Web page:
I can remember having this debate with my friend, Mike, when I was in college. He argued that humans are no different from other animals except for our larger brains. There is nothing we can do that animals can’t do. Animals just do things in a more primitive and basic fashion.
This always struck me as ridiculous, and I just ran across a quote from Professor Bruce Thornton at Fresno State University which explains the difference well:
What makes us recognizably human, then, is not what is natural about us but what is unnatural: reason and its projections in language, culture, ritual, and technology, self-awareness, conscious memory, imagination, and the higher emotions; and, most important, values, ethics, morals, and the freedom from nature’s determinism that allows us to choose, whether for good or ill. Nothing else in nature possesses any of these attributes, despite the wishful thinking of those who believe they are teaching chimps to “talk,” or who consider a monkey digging up termites with a stick to be “using tools,” or who label baboon rump-submission a “social practice,” or who subjectively interpret the behavior of animals to indicate the presence of “self-awareness” ore higher human emotions such as love, grief, regret, guilt, shame, or loyalty. For every dog that howls over the body of its dead master there is another that, if necessary, will happily eat his corpse.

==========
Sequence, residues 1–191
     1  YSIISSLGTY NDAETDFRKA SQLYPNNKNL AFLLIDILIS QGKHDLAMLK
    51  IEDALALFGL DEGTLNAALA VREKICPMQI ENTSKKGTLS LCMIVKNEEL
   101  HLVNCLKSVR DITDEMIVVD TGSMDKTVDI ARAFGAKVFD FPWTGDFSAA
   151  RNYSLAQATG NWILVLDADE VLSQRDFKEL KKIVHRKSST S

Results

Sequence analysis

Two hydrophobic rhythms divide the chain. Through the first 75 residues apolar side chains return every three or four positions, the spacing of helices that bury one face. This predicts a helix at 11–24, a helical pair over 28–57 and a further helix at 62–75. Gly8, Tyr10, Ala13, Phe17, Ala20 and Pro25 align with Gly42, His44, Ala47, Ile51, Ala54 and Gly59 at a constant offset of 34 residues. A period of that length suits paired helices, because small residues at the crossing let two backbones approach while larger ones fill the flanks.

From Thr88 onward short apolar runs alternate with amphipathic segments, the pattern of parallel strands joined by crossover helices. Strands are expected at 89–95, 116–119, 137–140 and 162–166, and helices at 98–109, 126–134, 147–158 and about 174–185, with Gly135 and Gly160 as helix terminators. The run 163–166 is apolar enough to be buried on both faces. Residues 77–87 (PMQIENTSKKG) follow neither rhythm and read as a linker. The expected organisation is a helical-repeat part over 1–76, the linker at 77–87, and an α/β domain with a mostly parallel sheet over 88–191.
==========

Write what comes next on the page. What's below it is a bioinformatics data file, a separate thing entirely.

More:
Well said, professor.